Challenging Iconic Design With An Innovative Construction Method
With a wavy roof designed to simulate undulating waves, the passenger clearance building (PCB) is an iconic building standing at the Hong Kong Port next to the airport.
To tackle the challenge of airport height restrictions, an innovative construction method was adopted to construct the PCB’s roof by using the prefabricated modules assembly method. The large-scale prefabricated modules were lifted one by one, pushed into position horizontally and connected together. Problems posed by the huge size, as well as the airport height restrictions, were overcome.
The method advanced the construction progress, enhanced the quality of works and reduced the risk of working at height. Different from the ordinary prefabricated modules, the roof modules were composed not only of structural steel frame, but also the pre-installed building services, as well as architectural builder works and finishes, saving on-site construction time.
Environmental Innovative Reclamation Technology
Non-dredge reclamation was the first-ever reclamation method adopted in Hong Kong. It greatly cut the amount of dredging and dumping of marine mud by about 22 million m3 and reduced the use of approximately half of the backfilling material.
This led to a lower impact on water quality and less marine construction traffic during the building stage. This helped to preserve marine ecology, especially the habitat of the Chinese white dolphins.
The HKLR viaduct section features long spans as the carriageway crosses two navigation channels and Sha Lo Wan Headland, a designated Site of Archaeological Interest, where no construction works were allowed. A massive, bespoke straddle carrier was used to construct the long-span viaduct of 180 m in length. At the time it was erected, it was the longest, dual three-lane pre-stressed precast concrete bridge span in Hong Kong. The design minimised the visual and environmental impact and has also become a feature of the area, complementing the natural scenery of North Lantau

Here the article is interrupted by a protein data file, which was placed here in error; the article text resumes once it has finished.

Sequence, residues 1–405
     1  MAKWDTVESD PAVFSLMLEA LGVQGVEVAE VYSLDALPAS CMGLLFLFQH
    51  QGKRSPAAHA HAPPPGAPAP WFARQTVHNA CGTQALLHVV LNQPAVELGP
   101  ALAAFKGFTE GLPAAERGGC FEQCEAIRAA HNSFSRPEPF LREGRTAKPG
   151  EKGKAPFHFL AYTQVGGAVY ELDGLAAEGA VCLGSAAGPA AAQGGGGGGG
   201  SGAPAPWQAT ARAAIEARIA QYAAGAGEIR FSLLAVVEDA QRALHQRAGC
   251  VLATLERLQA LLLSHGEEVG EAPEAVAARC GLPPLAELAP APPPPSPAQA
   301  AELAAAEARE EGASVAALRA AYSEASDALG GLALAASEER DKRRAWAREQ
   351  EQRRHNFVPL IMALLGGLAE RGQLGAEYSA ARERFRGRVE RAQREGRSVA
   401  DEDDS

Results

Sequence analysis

Innovative Methods Adopted
The HKLR viaduct, mainly situated at open waters, is the first bridge in Hong Kong to adopt pre-stressed precast pier construction method and precast concrete pile cap shells to minimise underwater works. This ensured a safer working environment and eliminated tidal constraints.
Floating concrete batching plant was introduced, which was the first of such facilities in Hong Kong and significantly reduced the logistics and ensured the best quality of concrete produced.
The construction of two separate tunnel tubes of the HKLR to cross under the existing Airport Express Line (AEL) is one of the most challenging works for the HZMB project in Hong Kong.
As the AEL is an important railway link between Hong Kong International Airport and the central business district, the normal and safe operation of the AEL must be maintained at all times.
To ensure undisrupted operation of AEL during the tunnelling works, box jacking was adopted – the first time it was used at such scale in Hong Kong. It involved pushing the constructed tunnel box segments forward by hydraulic jacks sequentially in a ‘caterpillar’ motion, with a design jacking force of 19,400 tonnes – enough to lift 70 empty Airbus A380s in one go.
Besides the large scale of the project, there were a range of physical conditions to be overcome during the construction of HZMB, including the sub-tropical weather, typhoons, heavy rain, and the hydrology and hydrodynamic aspects of the Pearl River estuary. Other factors included the geotechnical complexity of the site, the multiple navigation channels with high numbers of shipping movements and height restrictions for nearby airports. The HZMB also crosses environmentally sensitive areas — particularly the conservation area of the Chinese White Dolphin — which meant that high standards of environmental protection were set to minimise any effects on the marine ecosystem and fishery resources.